Gingerbread Kong - The Atari 2600 version of DK has often been compared to a gingerbread cookie (or even The Gingerbread Man) because of his appearance in this version. Moreover, the "barrels" he throws have been referred to variously as cookies (or even chocolate chip cookies), Ritz crackers, Honeycomb cereal and even pizzas.
Simon Caves - The caves in DKC3 where you rescue Banana Birds, because you have to memorize light patterns arranged in the pattern of the face buttons on the controller, similarly to the classic electronic game Simon.
One party member will be a war dog, which players can name whatever they want. The forum community has affectionately named him Rabbit but since the Darkspawn Chronicles came out Barkspawn is also gaining popularity. Then again, Darkspawn Chronicles got the name from Penny Arcade...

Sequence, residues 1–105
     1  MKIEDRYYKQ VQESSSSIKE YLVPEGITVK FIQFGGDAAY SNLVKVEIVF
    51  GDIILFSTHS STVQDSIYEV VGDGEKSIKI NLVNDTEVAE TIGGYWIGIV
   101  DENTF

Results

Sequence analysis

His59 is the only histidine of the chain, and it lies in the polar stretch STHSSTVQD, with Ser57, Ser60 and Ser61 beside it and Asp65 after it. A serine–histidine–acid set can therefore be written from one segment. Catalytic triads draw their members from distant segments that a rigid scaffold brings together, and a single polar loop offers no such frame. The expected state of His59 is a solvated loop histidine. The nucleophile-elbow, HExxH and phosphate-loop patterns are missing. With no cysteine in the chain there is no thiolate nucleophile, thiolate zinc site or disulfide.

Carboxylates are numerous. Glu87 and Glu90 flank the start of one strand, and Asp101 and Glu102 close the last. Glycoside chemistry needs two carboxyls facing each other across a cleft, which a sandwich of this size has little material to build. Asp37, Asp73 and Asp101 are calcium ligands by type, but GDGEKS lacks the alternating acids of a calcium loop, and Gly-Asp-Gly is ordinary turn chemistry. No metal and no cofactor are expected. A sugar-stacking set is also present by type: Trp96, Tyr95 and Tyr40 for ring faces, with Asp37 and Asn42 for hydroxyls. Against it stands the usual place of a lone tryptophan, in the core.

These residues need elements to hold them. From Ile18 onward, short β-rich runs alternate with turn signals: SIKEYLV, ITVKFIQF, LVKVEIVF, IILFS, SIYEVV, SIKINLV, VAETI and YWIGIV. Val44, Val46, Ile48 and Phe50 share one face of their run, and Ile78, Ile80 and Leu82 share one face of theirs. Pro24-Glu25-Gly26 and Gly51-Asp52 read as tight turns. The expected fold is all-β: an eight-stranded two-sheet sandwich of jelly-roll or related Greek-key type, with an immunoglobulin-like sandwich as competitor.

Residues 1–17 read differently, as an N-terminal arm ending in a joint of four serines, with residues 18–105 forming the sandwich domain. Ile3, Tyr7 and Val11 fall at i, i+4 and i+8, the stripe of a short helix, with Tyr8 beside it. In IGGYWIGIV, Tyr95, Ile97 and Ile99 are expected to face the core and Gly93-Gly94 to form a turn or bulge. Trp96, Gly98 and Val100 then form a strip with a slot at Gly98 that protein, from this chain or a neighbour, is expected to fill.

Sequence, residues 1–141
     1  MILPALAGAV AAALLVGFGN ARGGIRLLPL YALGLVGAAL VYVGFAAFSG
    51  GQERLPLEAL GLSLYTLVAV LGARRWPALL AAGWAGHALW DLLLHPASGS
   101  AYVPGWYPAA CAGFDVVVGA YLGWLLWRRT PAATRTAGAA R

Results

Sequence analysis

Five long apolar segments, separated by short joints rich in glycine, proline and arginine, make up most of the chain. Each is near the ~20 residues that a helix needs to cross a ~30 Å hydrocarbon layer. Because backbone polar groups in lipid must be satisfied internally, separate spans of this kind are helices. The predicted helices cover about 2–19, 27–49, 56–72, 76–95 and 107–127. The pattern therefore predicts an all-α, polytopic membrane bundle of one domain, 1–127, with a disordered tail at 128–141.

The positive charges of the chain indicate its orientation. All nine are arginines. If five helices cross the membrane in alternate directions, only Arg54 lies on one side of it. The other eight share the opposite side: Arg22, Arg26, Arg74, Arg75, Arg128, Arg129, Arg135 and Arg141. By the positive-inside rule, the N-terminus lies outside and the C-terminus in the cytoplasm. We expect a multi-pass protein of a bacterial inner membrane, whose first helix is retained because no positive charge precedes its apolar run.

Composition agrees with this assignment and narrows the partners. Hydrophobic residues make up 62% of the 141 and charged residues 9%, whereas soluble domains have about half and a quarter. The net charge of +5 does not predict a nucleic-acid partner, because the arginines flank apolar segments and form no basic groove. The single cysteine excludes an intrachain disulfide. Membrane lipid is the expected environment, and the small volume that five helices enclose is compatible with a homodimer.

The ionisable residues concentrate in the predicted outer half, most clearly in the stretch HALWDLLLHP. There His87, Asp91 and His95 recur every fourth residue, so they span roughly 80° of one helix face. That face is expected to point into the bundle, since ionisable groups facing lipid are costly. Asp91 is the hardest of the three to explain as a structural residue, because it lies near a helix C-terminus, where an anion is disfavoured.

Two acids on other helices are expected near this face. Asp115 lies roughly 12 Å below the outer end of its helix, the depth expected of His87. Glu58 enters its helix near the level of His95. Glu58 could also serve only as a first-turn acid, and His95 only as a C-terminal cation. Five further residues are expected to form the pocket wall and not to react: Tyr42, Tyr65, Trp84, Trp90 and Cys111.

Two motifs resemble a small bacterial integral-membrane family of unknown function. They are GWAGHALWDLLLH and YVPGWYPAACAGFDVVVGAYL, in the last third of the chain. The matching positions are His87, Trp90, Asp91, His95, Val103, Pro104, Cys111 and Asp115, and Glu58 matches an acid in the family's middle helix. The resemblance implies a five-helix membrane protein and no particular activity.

Alternately called "cotton candy" or "clownite" (see below; the former is also a reference to its extremely low density).
HFS, Hidden Fun Stuff: demons from the bowels of the earth.
As of version .31, the Glowing Pit has become known as the Clown Car for their infinite quantity of demons, and thus its contents has been called clowns. Sprouting from this, the fandom likes to use circus-related metaphors to hide spoilers surrounding Hell. "Cotton Candy" (see above) for Adamantite and "Freak Show" for Forgotten Beasts.
Many traps also have their own names, such as the Degrinchinator (which essentially amounts to an insta-freeze ice gun).
Skelk: skeletal elks.